Warrior Words: Journals
Two weeks ago, I reached a personal milestone: I finished a journal. The journal I began the last day of junior year is now filled up completely with doodles, rants, lists, and pages talking about what’s going on in my life. Now, I get to start a brand new one. My favorite part about finishing a journal is digging into the back of my closet and recovering old journals and reading through them all in order. I can then track my personal growth, think back on experiences I would’ve otherwise forgotten, and see how everything in my life manages to come back full circle.
I began journaling August before my sophomore year. Since then, a couple times a week I get into a mindset where I absolutely have to write, and I can go on for pages talking about every aspect of my life. But it usually only happens a couple times a week, so I tend to miss lots of details or even major events that I don’t feel like writing about at the time. With this journal, that’s going to change.
I started this one two weeks ago, and I’m averaging nine pages a day. I’ve always wanted to start a new one the day I begin college, so that means I have to fill up this book in a mere five months to ensure that happens. For the first time, instead of just writing when I feel like it, I’m making an active effort to record my entire life — remember every second that meant anything to me. I need to encapsulate every memory I possibly can, so someday, I can reread this and remember what my last months at home were like. I’m writing everyone’s names, what they mean to me, and detailed summaries of what goes down in my life. I won’t be a teenager or a Wilton resident for much longer, and this is my way of preserving that. In a few years, I’ll be able to open up this book and be flooded with the thoughts, feelings, and events that went down in high school.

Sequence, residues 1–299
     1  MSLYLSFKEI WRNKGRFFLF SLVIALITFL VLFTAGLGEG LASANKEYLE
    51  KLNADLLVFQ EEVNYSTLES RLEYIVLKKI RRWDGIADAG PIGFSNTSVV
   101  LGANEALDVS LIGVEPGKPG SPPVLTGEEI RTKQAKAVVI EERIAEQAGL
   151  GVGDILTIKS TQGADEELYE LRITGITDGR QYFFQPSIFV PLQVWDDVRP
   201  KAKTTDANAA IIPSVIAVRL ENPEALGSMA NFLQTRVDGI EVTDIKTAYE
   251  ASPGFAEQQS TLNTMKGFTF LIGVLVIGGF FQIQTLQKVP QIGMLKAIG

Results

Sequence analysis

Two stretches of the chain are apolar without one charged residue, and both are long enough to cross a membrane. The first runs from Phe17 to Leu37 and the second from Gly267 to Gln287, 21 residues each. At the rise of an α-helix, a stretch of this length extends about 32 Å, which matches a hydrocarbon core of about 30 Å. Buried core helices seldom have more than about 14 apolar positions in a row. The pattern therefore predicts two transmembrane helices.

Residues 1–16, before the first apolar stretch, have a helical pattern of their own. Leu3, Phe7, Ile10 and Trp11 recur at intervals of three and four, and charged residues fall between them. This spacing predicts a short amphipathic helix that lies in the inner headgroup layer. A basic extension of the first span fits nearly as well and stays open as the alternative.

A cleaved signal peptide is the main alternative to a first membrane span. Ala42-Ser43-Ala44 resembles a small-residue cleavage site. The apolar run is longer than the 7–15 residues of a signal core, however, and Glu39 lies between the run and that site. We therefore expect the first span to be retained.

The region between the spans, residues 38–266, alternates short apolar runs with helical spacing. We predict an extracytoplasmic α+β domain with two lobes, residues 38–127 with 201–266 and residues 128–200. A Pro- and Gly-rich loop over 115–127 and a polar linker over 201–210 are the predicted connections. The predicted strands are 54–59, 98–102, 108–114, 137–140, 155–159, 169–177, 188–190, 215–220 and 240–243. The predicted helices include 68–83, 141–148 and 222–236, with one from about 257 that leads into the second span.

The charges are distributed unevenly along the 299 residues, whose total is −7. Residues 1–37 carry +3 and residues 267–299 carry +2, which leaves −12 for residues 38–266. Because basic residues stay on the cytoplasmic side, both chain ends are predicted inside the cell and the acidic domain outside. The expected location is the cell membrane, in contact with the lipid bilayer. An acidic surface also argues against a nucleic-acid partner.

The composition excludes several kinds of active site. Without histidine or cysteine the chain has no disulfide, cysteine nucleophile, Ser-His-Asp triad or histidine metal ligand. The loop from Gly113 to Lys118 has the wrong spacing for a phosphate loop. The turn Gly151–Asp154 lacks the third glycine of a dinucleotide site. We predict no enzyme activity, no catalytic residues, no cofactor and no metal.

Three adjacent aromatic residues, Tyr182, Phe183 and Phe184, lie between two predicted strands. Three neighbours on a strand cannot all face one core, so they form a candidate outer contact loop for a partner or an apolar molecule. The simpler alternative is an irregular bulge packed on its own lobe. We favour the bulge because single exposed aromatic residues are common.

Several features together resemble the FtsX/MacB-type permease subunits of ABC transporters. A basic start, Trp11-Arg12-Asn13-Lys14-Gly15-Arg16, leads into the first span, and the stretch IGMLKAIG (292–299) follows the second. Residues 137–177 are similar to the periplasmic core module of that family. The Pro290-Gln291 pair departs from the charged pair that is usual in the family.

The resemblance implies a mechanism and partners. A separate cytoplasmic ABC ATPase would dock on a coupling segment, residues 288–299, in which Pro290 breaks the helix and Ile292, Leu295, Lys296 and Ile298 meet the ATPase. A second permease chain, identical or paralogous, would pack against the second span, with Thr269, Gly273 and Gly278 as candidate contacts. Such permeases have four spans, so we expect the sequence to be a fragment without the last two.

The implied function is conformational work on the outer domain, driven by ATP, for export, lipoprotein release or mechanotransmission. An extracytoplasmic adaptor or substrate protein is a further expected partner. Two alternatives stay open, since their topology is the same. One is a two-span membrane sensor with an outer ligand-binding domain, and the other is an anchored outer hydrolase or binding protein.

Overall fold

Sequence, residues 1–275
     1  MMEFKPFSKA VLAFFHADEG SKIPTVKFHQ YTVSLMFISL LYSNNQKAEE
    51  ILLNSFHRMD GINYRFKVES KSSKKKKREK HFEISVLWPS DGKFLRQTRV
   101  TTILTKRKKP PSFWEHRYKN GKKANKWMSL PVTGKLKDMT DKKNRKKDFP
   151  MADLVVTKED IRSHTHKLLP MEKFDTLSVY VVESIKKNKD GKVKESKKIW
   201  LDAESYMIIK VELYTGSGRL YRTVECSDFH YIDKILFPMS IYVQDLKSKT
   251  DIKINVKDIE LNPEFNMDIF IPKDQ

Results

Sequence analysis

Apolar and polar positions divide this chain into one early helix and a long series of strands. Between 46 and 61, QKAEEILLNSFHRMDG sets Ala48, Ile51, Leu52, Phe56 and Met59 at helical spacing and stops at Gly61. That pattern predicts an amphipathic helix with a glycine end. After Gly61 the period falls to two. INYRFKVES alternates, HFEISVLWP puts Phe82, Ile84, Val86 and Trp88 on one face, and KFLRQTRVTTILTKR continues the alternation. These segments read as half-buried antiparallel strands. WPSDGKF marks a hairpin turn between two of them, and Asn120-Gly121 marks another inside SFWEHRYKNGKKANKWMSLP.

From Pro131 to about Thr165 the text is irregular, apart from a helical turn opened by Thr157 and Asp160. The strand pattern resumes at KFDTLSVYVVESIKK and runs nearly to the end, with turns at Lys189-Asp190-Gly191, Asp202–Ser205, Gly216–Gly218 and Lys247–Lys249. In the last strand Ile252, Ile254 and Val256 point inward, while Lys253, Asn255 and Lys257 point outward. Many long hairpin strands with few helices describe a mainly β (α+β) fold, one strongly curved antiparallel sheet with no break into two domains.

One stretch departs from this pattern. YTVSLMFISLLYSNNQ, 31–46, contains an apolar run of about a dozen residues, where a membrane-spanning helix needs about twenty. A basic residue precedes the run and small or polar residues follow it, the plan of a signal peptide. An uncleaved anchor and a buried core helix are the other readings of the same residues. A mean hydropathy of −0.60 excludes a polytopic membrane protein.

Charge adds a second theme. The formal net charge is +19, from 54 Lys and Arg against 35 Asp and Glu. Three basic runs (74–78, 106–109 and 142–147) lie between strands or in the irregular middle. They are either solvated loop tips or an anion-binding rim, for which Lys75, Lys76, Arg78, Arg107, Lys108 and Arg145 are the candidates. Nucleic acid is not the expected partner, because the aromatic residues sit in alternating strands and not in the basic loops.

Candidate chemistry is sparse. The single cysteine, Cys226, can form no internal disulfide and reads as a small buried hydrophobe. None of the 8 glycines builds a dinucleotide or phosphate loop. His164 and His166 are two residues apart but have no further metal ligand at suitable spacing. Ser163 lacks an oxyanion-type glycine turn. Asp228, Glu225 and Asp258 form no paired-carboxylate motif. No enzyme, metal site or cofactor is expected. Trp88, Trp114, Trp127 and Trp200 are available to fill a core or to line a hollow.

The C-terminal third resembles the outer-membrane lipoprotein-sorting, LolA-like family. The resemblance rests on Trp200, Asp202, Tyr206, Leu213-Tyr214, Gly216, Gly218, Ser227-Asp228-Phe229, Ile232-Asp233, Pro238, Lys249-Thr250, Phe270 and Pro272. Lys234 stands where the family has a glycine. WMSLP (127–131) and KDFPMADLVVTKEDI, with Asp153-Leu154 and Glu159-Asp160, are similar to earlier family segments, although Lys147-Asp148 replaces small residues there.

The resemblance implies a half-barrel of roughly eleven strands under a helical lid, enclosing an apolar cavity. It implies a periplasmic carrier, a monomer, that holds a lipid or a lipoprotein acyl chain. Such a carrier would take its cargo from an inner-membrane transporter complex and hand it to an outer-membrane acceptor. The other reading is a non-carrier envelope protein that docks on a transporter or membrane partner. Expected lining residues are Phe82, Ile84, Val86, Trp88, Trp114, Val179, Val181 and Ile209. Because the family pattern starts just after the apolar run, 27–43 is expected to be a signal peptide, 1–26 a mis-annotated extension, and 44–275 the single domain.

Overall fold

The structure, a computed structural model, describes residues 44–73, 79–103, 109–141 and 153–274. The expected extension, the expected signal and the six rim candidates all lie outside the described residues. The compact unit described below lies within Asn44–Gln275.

I’m going to take lots away from Wilton other than this journal; Playbills from the shows I’m in at the high school, and the hundreds of pictures that my photographer friend takes among countless other things. However, by describing my relationships with every person who matters to me and writing detailed descriptions of whatever I’m up to, future me will be able to live vicariously through 17-year-old, second-semester senior me who is quickly bringing an 18-year phase of my life to a close. I know that in 10 years my brain won’t have the capacity to store all my Wilton memories: the memories that largely shaped who I am. That’s why I keep the memories in an easy access spot for when I need to remember a time in my life: my journal. I know future me will thank me.
Julia Foodman is a senior at Wilton High School. She shares this column with four classmates.